The First Unified Theory
The solution to Einstein's Quest
A few tips to help make it a bit easier
to understand the new theory.
As you read, I’d like you to keep the following in mind: Science has provided us with vast amounts of knowledge, great treasures for which it deserves all our admiration and gratitude. Nothing written here can alter that fact.
The reason for starting off like this is this: Not all characteristics of science are equally well-suited for the procurement of trustworthy knowledge. To help further our understanding of the world we live in, some of these characteristics must be laid bare.
Philosopher of Science Thomas Kuhn tells us science isn’t like we’ve thought, it’s mostly like we’ve thought it isn’t.
The first thing about science that isn’t like we’ve thought: You, I, and science have one important thing in common – with a material explanation of the world, we understand nothing about the atom. (And nothing about gravity, relativity, quants, mass, energy, evolution, consciousness, intelligence, telepathy, experiences of extreme Joy …)
The first thing about science that is as we thought: Compared to you and I, science has a big advantage – it has described a lot of the above in parentheses very accurately and has much more knowledge about these descriptions. It’s chiefly here among the descriptions we find science’s great accomplishments and all the interesting and important things we have to thank it for.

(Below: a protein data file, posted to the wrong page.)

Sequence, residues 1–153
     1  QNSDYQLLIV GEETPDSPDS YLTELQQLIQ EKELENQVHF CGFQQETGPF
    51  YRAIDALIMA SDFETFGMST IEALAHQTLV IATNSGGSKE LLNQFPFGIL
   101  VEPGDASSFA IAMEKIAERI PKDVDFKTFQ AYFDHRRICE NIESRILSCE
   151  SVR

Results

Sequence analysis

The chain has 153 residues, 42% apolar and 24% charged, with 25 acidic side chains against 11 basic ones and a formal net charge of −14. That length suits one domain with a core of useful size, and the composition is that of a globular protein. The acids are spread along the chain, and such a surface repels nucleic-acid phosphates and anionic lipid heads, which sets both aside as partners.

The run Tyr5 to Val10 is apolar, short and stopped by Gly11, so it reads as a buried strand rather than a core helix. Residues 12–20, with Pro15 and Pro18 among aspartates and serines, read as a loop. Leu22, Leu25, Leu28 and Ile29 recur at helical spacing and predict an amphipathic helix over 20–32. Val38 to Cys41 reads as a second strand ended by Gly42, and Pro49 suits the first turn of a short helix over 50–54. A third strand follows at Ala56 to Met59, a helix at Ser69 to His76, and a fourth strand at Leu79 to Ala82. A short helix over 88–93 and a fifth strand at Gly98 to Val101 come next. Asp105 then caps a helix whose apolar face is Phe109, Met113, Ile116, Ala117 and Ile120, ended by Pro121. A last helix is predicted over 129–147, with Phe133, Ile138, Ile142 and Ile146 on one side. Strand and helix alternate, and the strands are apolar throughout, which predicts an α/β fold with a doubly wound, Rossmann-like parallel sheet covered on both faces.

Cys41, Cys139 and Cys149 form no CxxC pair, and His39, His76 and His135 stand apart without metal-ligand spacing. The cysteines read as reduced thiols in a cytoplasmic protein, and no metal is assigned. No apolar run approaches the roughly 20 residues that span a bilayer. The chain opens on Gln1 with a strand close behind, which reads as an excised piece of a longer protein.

The second thing about science that isn’t like we’ve thought: When science sticks to an explanation, it’s not necessarily because the explanation is logical and scientists understand it, but largely because it’s the best they can come up with and therefore choose to accept it. Science takes what it can get. When we laypeople hear about a theory or an explanation that stems from science, we assume the theory/explanation is proven and understood. But the situation may actually be the very opposite. Science’s practitioners may, for lack of a better theory, be forced to accept the one they have, and on the whole, are surprisingly adept at being satisfied with the situation.
The second thing about science that is like we thought: The more of reality it’s possible to explain with the logic characteristic of a theory, the more solid the theory. This yardstick for reliable knowledge is as ingenious as we’ve believed.
The third thing about science that is like we thought: When a proposed new theory turns up with whole new form of logic that can explain more phenomena than the old, science is obligated to abandon the old and accept the new. This rule is brutal for the pride inherent in a profession that has based its message of truth as well as its livelihood on the old theory. So, in praxis, it’s a difficult rule to obey. But at the same time, this is where science’s tremendous potential lies. It’s also where we find science’s greatest accomplishments; i.e. the shift from the planet theory with the Earth in the center to the theory with the Sun in the center.